Instant Expert Kit - The Hashemites

As the Hashemite King Hussein of Jordan returned to the US this week for cancer treatment, the country that he has ruled for 46 years is preparing for succession.

That bad is it?
Well, he wasn't wasting time last week.He stripped his brother Hassan of the title of Crown Prince (heir to the throne) in favour of Hussein's half-British son, Abdullah.

Just more royal gossip, isn't it?
Don't underestimate the importance of the Hashemites: exiled Palestinians make up half of the king of Jordan's subjects, the country lies at the strategic heart of the region and the monarch wields near-absolute power. Not to mention the importance of the Hashemite line to Islam.

Can we begin at the beginning?
The Hashemites are a branch of the Qureish tribe of Arabia, to which the Prophet Mohammad himself belonged. While the leadership of Islam, the caliphate, passed out of the line of Mohammad's descendants, the Alids (named after the prophet's son-in-law), they continued to command great respect as the Ahl-al-Bayt, or Dynasty of the House. Part of this dynasty remained in Hijaz, the region of Mecca and Medina in western Arabia, and after damaging raids by heretical tribes in the tenth century (the Black Stone was stolen from the Kabba) the Hijazi Alids were made emirs of the holy city in 964.

Despite centuries of challenge to this position, including the arrival of the Ottomans, savage attacks from the puritan Wahhabi sect (who later created Saudi Arabia) and bitter in-fighting among themselves, these Hashemites maintained control of the holy city until the beginning of the 20th century.

But how did they get to Jordan?
Hang on. The emir of Mecca in 1916, Sharif Hussein, knew that, as one of the few high-ranking Arabs in the Ottoman empire and a descendant of the prophet, he was well placed to lead the Arab revolt against the Turks and stake his claim to liberated Arabia. With British backing, his youngest son Feisal and T E Lawrence charged north to capture Syria - rather to the regret of his brother Abdullah who had been far more of an influence in developing the plan. When Feisal was forced out of Syria by France in 1921, where he had been crowned (he later became king of Iraq), Abdullah determined to resolve this by confronting the French with his own force from Hijaz. He didn't get very far.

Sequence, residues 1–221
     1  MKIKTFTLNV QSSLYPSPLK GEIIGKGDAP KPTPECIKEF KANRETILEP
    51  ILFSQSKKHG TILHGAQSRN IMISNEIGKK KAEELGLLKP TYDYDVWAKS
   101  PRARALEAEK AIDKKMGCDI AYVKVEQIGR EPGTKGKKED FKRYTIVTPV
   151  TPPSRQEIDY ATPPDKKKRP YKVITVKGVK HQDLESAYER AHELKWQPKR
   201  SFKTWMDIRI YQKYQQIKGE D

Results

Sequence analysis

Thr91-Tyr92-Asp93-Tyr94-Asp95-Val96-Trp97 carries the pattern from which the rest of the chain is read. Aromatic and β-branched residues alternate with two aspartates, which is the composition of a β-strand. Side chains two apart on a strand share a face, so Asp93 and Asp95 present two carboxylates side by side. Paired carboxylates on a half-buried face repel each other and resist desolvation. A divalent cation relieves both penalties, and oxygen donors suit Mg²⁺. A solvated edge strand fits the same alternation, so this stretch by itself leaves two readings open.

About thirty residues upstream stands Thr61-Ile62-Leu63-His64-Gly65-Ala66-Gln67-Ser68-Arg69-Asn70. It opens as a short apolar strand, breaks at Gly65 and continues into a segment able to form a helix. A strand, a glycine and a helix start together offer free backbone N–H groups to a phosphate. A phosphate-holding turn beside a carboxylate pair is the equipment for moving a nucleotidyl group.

What do you mean?
By a peculiar turn of events, the British persuaded Abdullah that he could not hope to take Damascus but that he was the rightful heir to the unwanted piece of land in which he and his army now found themselves - Transjordania. Winston Churchill, then colonial secretary, later boasted that the state was "created by a stroke of his pen on a Sunday afternoon". With extraordinary energy, Abdullah set about establishing an entire country and its institutions. This, despite the stranglehold the British still held over him: they controlled the army and much of the government.

So when does King Hussein come in?
As a 17 year old. Hussein accompanied his grandfather to the Aqsa mosque in Jerusalem. A Palestinian assassin killed King Abdullah with one shot, then turned on Hussein, who was spared by a medal on his military uniform. Thrust from Harrow to the leadership of a beleaguered Arab state, Hussein managed to steer his country through the disaster of the 1967 six-day war (in which half of Jordan's population found themselves under Israeli occupation), bloody confrontation with Palestinian exiles (20,000 died during fighting in 1970 - an event in which Prince Hassan played a major part), unwise warmth with the Iraqis in 1990 and numerous coup and assassination attempts (Hussein once had to take control of a plane when the pilot was killed). That the monarchy remains in power and with the respect of his people is astonishing, particularly as no Middle Eastern state has had more fickle allies; but no one has yet out-manoeuvred the Hashemites.

Duncan Parrish